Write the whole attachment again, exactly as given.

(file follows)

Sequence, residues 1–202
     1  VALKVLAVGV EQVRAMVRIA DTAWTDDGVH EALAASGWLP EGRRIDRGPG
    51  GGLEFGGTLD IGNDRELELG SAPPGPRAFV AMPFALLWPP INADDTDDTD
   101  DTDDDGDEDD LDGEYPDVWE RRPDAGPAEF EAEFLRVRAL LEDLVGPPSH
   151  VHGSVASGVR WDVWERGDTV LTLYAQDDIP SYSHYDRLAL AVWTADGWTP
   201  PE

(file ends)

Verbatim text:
Sequence, residues 1–202
     1  VALKVLAVGV EQVRAMVRIA DTAWTDDGVH EALAASGWLP EGRRIDRGPG
    51  GGLEFGGTLD IGNDRELELG SAPPGPRAFV AMPFALLWPP INADDTDDTD
   101  DTDDDGDEDD LDGEYPDVWE RRPDAGPAEF EAEFLRVRAL LEDLVGPPSH
   151  VHGSVASGVR WDVWERGDTV LTLYAQDDIP SYSHYDRLAL AVWTADGWTP
   201  PE